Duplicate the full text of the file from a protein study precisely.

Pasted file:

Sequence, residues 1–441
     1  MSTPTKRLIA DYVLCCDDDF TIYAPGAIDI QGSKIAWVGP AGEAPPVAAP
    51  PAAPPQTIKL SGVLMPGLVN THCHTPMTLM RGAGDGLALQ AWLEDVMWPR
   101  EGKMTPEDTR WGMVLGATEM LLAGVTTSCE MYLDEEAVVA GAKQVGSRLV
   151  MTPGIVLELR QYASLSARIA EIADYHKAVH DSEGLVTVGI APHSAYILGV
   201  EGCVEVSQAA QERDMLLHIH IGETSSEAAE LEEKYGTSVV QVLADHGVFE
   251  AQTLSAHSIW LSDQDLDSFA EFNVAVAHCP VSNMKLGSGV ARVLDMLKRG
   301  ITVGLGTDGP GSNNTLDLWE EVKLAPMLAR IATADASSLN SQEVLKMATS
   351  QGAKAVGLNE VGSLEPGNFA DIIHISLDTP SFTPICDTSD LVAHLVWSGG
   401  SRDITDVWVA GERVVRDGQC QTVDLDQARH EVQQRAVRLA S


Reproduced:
Sequence, residues 1–441
     1  MSTPTKRLIA DYVLCCDDDF TIYAPGAIDI QGSKIAWVGP AGEAPPVAAP
    51  PAAPPQTIKL SGVLMPGLVN THCHTPMTLM RGAGDGLALQ AWLEDVMWPR
   101  EGKMTPEDTR WGMVLGATEM LLAGVTTSCE MYLDEEAVVA GAKQVGSRLV
   151  MTPGIVLELR QYASLSARIA EIADYHKAVH DSEGLVTVGI APHSAYILGV
   201  EGCVEVSQAA QERDMLLHIH IGETSSEAAE LEEKYGTSVV QVLADHGVFE
   251  AQTLSAHSIW LSDQDLDSFA EFNVAVAHCP VSNMKLGSGV ARVLDMLKRG
   301  ITVGLGTDGP GSNNTLDLWE EVKLAPMLAR IATADASSLN SQEVLKMATS
   351  QGAKAVGLNE VGSLEPGNFA DIIHISLDTP SFTPICDTSD LVAHLVWSGG
   401  SRDITDVWVA GERVVRDGQC QTVDLDQARH EVQQRAVRLA S